A "tough love" reality check.

Angeline


click here to email semods4@yahoo.com

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Is he for real?
by Evie / January 23, 2005 1:26 AM PST

I think so!

I realize that in our hypersexualized culture the notion of only having sex with one's spouse seems "old fashioned", but one simply can't ignore that ever since the sexual revolution, STD rates have gone through the roof. This despite the glorification of the condom as being all you need to be promiscuous safely.

Uganda has bucked the trend of the rest of Africa in terms of AIDS by implementing the ABC program. The A & B parts, Abstinence until marriage and Being faithful to one's spouse are the reasons why. Considering the high rates of existing infection in the current population, the C (condoms) are still needed because many babies are born HIV positive, but are otherwise unnecessary for those adhering to A & B.

The Pope is merely clarifying the RC Church's position on this issue. However, ABC need not even be tied to religion. It's more common sense, and for the human secularists out there, respect for one's own body and health. And, after all, choosing abstinence and faithfulness as if one's life depended on it (which is much more the case in Africa than here in the US) couldn't hurt! They have so many condoms in the Phillipines the population is finding alternate uses for them. It hasn't altered the path of HIV.

If we really want to talk about reality, if two people are having sex that don't even know each other well enough to know their partner is HIV +/-, that is in the "reality" of not being able to control their sexual urges, they are highly unlikely to use that condom properly. Study after study shows that even comitted married couples take a year or so of "getting the hang of it" to achieve a pregnancy prevention rate of 97-98%. In the first year, the prevention rate is only about 80%. I'll have to dig and find the study.

Evie Happy

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I think you are dead on
by Steven Haninger / January 23, 2005 2:50 AM PST
In reply to: Is he for real?

I shunned this topic for a bit as I have already "come out" as the resident catholic on SE and I must prepare to be "jumped" for expressing anything so related. But you are right, this is nothing new. The church's stance has never been based on the possible human repercussions of intercourse outside of marriage. If so, once BC and STD prevention had been in place and perfected, I think church may have given the green light. "Ok folks, the problems are fixed. Enjoy!":) Not gonna happen anytime soon if ever. One could well say (as they leave the kids home for the evening), "Ok folks, don't play with matches! But, if you must, do it outside and not while wearing your flammable PJs!" The second sentence gives them an alternative to obedience. Never worked and never will. It's an out for the parents and not a good lesson for the kids.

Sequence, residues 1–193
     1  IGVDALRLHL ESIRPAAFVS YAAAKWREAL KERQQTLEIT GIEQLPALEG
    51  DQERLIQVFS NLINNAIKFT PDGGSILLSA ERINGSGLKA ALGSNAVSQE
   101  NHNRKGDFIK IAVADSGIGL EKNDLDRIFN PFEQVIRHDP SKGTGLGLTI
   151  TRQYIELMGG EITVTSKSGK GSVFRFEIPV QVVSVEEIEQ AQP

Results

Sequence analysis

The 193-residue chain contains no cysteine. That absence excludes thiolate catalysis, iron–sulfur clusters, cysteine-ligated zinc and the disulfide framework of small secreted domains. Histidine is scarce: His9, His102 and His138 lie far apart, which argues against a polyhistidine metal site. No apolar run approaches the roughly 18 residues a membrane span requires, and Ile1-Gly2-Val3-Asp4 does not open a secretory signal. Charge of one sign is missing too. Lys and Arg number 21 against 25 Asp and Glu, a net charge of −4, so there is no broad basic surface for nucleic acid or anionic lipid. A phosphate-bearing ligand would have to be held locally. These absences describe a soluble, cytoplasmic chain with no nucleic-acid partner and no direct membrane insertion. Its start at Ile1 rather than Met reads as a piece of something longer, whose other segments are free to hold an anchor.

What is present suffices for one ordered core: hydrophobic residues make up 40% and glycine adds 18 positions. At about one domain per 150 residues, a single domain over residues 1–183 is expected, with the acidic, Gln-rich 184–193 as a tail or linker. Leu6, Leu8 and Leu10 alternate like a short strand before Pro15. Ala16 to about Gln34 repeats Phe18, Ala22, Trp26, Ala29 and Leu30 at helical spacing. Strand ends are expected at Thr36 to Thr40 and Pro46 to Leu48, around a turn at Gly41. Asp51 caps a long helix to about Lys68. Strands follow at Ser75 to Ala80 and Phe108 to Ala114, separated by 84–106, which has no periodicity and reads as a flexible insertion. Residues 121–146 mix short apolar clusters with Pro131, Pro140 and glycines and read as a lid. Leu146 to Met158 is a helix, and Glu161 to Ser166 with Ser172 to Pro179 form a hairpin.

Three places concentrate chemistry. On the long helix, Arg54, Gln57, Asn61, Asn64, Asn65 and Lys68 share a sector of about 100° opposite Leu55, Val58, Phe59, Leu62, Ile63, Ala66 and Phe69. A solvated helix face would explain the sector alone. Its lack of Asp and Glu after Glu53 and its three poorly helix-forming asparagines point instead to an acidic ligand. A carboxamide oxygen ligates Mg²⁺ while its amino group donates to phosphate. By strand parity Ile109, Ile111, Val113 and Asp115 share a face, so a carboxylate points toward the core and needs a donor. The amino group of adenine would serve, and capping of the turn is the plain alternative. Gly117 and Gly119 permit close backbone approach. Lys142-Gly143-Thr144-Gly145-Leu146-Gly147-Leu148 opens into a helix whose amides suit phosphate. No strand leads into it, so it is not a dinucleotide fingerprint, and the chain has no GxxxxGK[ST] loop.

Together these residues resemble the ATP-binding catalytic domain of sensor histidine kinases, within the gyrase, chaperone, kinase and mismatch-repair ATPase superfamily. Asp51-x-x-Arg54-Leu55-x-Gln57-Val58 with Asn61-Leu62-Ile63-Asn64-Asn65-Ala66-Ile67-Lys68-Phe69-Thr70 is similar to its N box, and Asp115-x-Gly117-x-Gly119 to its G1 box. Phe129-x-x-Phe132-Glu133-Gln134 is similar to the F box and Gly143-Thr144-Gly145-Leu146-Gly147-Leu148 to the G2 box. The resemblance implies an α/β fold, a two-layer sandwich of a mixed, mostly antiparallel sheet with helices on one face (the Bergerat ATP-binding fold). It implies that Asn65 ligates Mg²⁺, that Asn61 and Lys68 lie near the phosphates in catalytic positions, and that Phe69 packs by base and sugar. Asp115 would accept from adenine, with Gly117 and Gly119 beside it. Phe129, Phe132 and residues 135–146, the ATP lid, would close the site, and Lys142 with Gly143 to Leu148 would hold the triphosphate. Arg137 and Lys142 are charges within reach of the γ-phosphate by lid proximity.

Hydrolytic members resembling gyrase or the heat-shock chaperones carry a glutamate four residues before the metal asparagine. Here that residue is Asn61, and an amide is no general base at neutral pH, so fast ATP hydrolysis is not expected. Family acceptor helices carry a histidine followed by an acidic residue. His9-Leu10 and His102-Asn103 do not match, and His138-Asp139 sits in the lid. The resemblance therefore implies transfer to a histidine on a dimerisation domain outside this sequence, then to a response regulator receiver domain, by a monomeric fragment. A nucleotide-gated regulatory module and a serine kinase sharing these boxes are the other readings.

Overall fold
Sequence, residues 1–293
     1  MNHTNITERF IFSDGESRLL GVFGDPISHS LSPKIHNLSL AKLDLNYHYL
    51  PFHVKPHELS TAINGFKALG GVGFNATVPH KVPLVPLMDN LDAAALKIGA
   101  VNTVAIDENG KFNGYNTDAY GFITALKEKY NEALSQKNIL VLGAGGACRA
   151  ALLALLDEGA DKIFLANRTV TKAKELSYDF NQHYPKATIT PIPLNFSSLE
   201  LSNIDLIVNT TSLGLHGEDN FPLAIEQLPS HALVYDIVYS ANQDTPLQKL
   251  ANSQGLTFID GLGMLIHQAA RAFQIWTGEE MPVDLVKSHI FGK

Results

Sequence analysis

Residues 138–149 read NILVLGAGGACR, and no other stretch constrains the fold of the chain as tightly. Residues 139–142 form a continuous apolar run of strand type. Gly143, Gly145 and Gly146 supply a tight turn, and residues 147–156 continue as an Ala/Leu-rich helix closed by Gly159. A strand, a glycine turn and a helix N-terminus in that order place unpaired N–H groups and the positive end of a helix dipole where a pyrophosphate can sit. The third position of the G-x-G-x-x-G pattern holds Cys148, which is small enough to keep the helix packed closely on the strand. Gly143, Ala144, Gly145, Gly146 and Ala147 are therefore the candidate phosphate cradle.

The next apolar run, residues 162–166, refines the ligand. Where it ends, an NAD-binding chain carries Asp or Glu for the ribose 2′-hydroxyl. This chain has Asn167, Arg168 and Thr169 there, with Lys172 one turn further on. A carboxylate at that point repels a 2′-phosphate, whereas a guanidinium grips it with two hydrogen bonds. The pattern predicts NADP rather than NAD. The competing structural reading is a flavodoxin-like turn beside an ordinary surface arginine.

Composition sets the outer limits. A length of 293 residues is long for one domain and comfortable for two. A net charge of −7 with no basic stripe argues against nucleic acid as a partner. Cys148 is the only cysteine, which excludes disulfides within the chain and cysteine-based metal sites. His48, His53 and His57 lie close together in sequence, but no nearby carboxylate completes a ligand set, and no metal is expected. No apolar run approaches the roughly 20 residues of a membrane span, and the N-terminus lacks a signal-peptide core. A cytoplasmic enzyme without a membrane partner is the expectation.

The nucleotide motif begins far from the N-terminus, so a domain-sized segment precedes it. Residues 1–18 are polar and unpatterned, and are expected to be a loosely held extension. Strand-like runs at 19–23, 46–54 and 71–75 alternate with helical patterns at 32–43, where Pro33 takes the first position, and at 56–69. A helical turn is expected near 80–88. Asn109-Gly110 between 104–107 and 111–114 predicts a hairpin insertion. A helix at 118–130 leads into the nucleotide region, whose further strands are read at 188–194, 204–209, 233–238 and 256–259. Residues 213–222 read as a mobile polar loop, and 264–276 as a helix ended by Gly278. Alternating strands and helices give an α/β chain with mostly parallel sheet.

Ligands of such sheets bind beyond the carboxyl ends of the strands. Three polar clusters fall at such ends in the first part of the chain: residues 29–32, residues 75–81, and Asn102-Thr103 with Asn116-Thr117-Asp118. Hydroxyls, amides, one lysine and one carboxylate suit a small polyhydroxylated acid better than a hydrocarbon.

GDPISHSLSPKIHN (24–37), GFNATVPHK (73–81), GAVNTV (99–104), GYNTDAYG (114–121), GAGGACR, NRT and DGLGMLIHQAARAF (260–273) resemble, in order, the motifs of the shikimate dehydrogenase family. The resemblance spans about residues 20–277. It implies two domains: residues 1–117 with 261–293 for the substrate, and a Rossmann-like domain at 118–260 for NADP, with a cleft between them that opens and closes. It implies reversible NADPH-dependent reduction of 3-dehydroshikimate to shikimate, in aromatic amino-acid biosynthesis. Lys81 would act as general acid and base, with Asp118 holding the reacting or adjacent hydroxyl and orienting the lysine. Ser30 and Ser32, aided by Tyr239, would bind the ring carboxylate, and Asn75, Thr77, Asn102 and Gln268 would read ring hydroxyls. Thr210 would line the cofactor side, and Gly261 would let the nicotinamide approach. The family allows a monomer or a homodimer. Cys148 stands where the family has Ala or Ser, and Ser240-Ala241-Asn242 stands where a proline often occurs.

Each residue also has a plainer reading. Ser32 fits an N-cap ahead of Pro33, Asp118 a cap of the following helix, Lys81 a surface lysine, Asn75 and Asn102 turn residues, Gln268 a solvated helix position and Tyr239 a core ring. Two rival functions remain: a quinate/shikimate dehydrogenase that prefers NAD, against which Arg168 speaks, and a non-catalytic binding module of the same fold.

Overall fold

I need to admit one thing about my youth that might have influenced my own thinking. I was a teen in the '60 and lived in a small town in the midwest. My father was the only OB/GYN in the berg. As such, my HS female classmates were, or would become his patients if anyone had an "oops" or wanted to avoid one. Life was tough some days when he got home. Got some classic lectures! The monastary started sounding like a good place at times!:)

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steve your views are np in my eyes
by Mark5019 / January 23, 2005 3:17 AM PST

i just think the reality isnt there with todays people no matter what religion .

not trying to insult anybody

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Not insulted at all
by Steven Haninger / January 23, 2005 4:03 AM PST

This is a good topic for open discussion. I don't see it as just about "reality" or accepting it. Reality lives and moves. We all get our chance to steer the boat or we can just opt to go along for the ride. It's also about selfishness vs selflessness while we are on our earthly journey. Billy Edd Wheeler wrote a song called "Desert Pete". Look it up sometime. It's lesson applies to many things we encounter when we are at a point of decision making.:)

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Unfortunately, he is.
by Dave Konkel [Moderator] / January 23, 2005 6:19 AM PST
In reply to: Is he for real?

Hi, Evie.

He's for real -- but can you honestly say his answer is the one Jesus would give? This is a less direct but no less deadly version of the Chatholic Church's centuries-long tradition that those who disagree with the Church's position deserve death. They're just letting AIDS take the place of the auto-de-fa. And as usual, his answers bear little resemblance to those I get when I think about a thorny issue, read Christ's Word in the Gospels, and ask myself "What would Jesus say?"

-- Dave K, Speakeasy Moderator
click here to email semods4@yahoo.com

The opinions expressed above are my own,
and do not necessarily reflect those of CNET!

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What would Jesus say?
by Steven Haninger / January 23, 2005 6:26 AM PST
In reply to: Unfortunately, he is.

Hi Dave,

My answer:

Jesus would speak in a parable and we'd still be arguing about what He meant.;)